Thanks Brian for having this here. Appreciate all you folks that contribute. The nice, considerate, positive ones I appreciate the most though, I must admit.


used to be ctx admin at fortune 40 co. - thousands of users...now take care of smaller 300 user base...less stress! Same Citrix mess ups. But Citrix "be very, very good to me."

If pure 2008 TS works for you then go for it. I would like to add that Ericom provides a free add-on to 2008 TS that addresses some if its limitations. You can read more about it here or register to the joint Microsoft / Ericom TechNet Webcast.

Hi Dan In your first point here you’ve stated that you can have multiple Session Brokers within one single farm, how do you go about implementing them?  Do you implement them in a cluster, or in a load balance, or by using DNS round robin? I cannot find any articles on the web to support this statement, only that you can have multiple TS boxes in a load balance using one Windows 2008 Session Broker. Looking forward to hear from you?


Hi DanYou've said here that you can have multiple Session Brokers in a single farm, how would I go about to implement these multiple SB's?The only documentation I can find on the web is where you have multiple Windows 2008 Terminal Servers in a terminal server farm with only one Session Broker handling the load balance.Any assistance or links to sites explaining how to implement multiple SB’s will help?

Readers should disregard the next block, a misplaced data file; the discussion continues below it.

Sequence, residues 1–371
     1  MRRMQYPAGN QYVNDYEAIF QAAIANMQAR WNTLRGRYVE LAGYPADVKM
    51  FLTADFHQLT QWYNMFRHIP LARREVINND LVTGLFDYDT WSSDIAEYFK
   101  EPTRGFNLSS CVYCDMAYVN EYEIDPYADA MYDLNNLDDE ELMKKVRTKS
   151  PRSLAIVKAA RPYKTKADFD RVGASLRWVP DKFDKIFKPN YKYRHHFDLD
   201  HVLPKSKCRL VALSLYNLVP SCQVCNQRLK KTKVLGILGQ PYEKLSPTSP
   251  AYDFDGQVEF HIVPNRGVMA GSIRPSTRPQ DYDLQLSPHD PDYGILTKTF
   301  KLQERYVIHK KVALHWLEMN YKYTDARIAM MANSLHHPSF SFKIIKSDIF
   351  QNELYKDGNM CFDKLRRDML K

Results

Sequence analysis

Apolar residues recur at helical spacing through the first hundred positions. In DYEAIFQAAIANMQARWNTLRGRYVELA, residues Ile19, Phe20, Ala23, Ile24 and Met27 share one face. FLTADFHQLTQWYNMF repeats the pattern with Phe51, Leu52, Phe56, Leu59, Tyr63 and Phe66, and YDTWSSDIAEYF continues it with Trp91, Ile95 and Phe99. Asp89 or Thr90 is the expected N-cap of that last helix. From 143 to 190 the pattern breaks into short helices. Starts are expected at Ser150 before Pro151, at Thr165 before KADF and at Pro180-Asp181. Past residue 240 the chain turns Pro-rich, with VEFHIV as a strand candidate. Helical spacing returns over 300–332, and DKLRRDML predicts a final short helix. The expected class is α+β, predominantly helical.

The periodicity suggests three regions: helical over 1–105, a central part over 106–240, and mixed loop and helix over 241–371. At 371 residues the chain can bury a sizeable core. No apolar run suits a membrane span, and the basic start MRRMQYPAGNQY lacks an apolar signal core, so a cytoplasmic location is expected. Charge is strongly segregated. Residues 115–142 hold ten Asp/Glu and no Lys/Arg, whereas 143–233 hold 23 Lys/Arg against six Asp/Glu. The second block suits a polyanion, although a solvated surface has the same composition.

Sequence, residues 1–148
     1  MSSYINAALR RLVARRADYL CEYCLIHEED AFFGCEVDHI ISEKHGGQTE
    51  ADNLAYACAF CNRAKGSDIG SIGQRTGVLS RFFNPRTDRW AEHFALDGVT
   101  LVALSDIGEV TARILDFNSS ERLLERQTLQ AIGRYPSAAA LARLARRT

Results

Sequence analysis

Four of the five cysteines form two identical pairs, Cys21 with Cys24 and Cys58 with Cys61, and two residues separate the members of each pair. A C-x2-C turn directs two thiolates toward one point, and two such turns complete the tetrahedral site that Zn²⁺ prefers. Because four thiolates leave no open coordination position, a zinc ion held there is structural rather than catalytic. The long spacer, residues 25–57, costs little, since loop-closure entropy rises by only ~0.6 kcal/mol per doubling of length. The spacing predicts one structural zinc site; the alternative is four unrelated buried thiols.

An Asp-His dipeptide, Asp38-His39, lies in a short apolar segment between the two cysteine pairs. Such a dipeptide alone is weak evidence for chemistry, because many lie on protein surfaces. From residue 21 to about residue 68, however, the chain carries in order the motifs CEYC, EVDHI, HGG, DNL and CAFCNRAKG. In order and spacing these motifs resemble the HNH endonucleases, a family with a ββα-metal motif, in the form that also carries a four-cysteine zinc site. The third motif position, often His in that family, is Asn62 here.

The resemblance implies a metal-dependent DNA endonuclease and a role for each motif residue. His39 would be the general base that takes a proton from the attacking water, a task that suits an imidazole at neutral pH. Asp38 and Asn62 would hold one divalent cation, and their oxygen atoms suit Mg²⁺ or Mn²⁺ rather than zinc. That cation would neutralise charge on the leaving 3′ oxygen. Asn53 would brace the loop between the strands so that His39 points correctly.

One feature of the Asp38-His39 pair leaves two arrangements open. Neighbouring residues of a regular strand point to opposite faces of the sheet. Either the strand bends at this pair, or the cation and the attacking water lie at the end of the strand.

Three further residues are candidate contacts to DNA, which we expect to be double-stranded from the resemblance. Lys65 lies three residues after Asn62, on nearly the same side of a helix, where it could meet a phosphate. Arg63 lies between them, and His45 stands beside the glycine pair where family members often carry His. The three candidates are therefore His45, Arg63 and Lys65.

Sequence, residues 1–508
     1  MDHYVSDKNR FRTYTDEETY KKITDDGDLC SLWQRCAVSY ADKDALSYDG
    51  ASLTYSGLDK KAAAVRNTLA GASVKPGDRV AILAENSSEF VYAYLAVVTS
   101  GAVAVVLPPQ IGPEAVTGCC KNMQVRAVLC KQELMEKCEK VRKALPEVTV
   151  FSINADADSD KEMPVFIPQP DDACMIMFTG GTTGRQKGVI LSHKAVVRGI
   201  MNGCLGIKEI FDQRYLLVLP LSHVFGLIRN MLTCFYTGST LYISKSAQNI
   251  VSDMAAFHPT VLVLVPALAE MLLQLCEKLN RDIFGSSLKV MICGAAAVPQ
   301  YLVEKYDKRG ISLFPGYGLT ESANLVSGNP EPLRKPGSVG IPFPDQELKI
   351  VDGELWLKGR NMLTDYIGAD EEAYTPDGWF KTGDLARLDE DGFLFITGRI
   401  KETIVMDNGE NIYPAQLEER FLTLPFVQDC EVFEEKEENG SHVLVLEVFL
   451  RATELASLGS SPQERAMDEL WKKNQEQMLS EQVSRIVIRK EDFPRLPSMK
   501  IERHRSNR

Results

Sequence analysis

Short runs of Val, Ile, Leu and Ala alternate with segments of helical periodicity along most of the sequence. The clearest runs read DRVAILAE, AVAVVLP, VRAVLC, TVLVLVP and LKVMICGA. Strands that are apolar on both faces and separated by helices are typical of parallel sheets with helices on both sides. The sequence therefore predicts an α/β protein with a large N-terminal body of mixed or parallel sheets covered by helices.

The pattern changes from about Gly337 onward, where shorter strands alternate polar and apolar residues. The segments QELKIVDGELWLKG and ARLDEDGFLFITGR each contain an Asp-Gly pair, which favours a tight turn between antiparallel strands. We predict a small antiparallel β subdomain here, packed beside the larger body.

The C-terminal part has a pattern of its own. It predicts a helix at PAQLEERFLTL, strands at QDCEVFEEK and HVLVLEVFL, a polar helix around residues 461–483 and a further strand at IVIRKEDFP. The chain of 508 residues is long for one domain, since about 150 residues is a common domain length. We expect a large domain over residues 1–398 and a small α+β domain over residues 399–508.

Hi, Sorry, but I'm not an expert on TS Session Broker. I based this statement on what I've been told by Microsoft PMs. If you need more information about TS Session Broker then search the msdn or post on the TS support forums. Maybe somebody here will be able to provide more information.


the tinMan


Hi, Does anyone know if SBLB require 2008-based AD or if it works with a 2003-based AD?I get an error that says: "This terminal server cannot participate in TS Session Broker load balancing because the server is configured to use a Microsoft Windows Server 2003-based Session Directory server" but the only server that is 2003-based is the AD server.Do I need to upgrade that aswell to make it work?


Question and Not sure where to post this but  does anymore know if I would get better 2008 TS Performance with several smaller Vitural Terminal Server spread across 3 Hosts, or have 3 physical Beefy Boxes?